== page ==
Teacher Resources

Welcome to our Teacher Resources page. We hope that these resources and ideas for collaborations will help you and your students get the most out of the Marshall Steam Museum. Each resource includes an outline, resources, lesson ideas, and a breakdown of standards. Click on the resource title to view and download a pdf of the lesson.

We want your feedback!! Feel free to contact our Director of Education at education@auburnheights.org or complete this quick survey.

Resources for Grades K-3

What Is a Museum?
Museums, by definition, are buildings in which objects of historical, scientific, artistic or cultural interest are stored and exhibited. In this lesson, students learn what museums are, why they exist, and the different kinds of museums that exist today.

Interpreting the Past: Young Historians
With this lesson, teachers use visual thinking strategies to help students learn to analyze primary sources and develop critical thinking skills.

The Car Today
In this lesson, students will consider the importance of the automobile as a type of transportation today so that they can better understand how life changed following its invention.

Useful Books
Books are a great way to introduce students to the themes that they are going to explore at the museum and to add to their vocabulary.

Here are some terms that students will hear when they visit the museum.

KWL Chart
Use this simple chart to track what students learn before and after their visit to the Marshall Steam Museum.

Resources for Grades 4 & 5

Sail Car Extension Activities
This lesson can be used as a post-visit activity to go along with the Early Engineers outreach program. During this lesson, students take their sail cars to the next level by preparing a series of tests to evaluate and then improve their car’s performance.

Motion and Design: Automobile Patents
In this lesson, students explore what intellectual property is by examining patents. By exploring early automobile patents, students will learn what a patent includes and what can be learned about an invention from a patent in comparison to what can be learned from the actual object.

Multiple Perspectives: The Ford Model T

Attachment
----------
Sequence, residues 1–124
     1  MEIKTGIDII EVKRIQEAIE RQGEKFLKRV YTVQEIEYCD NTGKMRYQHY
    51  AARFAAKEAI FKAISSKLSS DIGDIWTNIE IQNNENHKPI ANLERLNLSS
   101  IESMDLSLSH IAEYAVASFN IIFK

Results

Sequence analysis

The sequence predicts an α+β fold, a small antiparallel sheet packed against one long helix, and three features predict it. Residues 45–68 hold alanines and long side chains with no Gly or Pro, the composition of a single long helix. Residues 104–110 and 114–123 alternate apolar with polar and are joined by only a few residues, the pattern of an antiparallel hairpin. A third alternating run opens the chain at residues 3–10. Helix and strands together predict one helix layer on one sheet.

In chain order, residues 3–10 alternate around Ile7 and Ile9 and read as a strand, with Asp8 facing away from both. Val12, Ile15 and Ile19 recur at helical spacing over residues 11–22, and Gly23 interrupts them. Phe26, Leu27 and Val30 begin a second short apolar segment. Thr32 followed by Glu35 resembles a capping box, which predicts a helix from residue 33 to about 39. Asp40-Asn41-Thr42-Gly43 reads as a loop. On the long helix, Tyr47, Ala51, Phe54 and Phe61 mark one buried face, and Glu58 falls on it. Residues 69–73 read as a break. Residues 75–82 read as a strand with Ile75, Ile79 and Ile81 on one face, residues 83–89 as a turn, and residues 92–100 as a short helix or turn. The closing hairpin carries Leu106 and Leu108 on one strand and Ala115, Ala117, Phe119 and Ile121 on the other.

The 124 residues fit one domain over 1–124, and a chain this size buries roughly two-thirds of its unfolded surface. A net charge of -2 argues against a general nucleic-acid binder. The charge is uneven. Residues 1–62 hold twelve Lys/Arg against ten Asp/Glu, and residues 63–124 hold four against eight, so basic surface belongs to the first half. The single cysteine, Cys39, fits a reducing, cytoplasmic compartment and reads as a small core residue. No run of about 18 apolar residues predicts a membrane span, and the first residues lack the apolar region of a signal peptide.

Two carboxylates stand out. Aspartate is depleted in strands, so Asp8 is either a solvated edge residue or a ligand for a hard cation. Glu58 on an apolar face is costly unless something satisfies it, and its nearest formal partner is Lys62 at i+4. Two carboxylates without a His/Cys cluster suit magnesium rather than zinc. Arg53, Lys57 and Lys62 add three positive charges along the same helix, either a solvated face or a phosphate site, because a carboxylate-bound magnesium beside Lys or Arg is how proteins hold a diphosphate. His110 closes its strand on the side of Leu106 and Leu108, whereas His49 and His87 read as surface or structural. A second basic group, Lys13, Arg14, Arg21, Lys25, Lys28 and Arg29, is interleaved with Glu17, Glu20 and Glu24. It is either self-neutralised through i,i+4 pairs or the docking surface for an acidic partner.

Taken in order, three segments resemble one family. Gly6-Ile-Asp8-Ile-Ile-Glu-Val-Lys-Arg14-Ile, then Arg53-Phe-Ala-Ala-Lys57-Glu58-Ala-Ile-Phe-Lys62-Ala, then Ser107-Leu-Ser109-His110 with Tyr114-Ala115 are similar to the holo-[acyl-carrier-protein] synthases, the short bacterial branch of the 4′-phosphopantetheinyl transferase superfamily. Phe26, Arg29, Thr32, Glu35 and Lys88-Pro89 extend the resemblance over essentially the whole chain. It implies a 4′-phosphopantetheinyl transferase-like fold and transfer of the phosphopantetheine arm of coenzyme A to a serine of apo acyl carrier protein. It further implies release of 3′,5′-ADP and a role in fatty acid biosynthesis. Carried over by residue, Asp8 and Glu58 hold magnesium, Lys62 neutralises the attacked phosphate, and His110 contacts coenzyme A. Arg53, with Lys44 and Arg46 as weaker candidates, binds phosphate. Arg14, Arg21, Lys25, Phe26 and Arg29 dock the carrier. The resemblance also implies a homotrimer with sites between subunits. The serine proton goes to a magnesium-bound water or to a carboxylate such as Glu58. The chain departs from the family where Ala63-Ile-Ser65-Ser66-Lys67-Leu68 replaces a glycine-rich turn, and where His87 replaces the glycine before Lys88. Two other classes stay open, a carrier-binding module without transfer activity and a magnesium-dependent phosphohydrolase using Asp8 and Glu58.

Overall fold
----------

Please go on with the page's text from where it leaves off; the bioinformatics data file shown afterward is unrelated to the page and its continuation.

In this lesson, students use primary and secondary sources to explore different perspectives of the Ford Model T and its impact on the automobile industry and American life. To take this exploration a step further, students can then examine a second set of primary sources related to the 1908 Stanley Model EX steam car in the Marshall Steam Museum collection.

Creative Writing
In this lesson, students will use the provided prints by artist A.B. Frost to practice their creative writing by inventing a fictional story that describes the scene in the image. Students will then compare their story with the poem associated with the work of art.

Useful Books
Books are a great way to introduce students to the themes that they are going to explore at the museum and to add to their vocabulary.

Resources for Grades 4-12

Reading Primary Sources
In this lesson, student will analyze advertisements produced by the Ford Motor Company, explore how those advertisements changed over time, and what they can learn from them.

Collaborative Ideas

We are always looking for new ways to engage school groups and to develop programs that will engage students of all ages; here are some of the ideas we have (in no particular order). If you see an idea that you might like to help us develop, our Director of Education would love to hear from you.

How is the automobile an extension of our personalities?
To many Americans, the automobile has become an extension of our personalities. Whether through bumper stickers or decals, through the items we hang from the rearview mirror, or through our license plates, we can learn something about who owns or drives a car by these personalizations. How has this changed over time? This is an interesting idea we would like to explore with high school students, particularly those of driving age. Research and writing, learning how to interview, generational change, producing oral histories, creating museum exhibits, or creating works of art — these and more topics can be explored through this project.

Art and the Automobile
There are so many ways to examine the rise of the automobile and changing transportation technologies from an art perspective, whether it is exploring how fashions evolved (think of the iconic duster and driving goggles) or examining the advertisements created to convince consumers that the automobile was something they needed, to the concept designs and urban planning that continue to evolve event today. This idea of art and the automobile is something we would like to explore with art students. 


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